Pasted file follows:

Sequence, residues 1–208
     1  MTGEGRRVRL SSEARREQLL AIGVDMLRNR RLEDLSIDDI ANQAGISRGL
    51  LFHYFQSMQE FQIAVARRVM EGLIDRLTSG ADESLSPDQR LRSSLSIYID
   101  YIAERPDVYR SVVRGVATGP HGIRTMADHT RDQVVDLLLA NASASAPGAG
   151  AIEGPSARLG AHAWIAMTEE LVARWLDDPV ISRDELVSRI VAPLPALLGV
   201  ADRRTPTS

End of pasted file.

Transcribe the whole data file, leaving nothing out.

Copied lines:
Sequence, residues 1–208
     1  MTGEGRRVRL SSEARREQLL AIGVDMLRNR RLEDLSIDDI ANQAGISRGL
    51  LFHYFQSMQE FQIAVARRVM EGLIDRLTSG ADESLSPDQR LRSSLSIYID
   101  YIAERPDVYR SVVRGVATGP HGIRTMADHT RDQVVDLLLA NASASAPGAG
   151  AIEGPSARLG AHAWIAMTEE LVARWLDDPV ISRDELVSRI VAPLPALLGV
   201  ADRRTPTS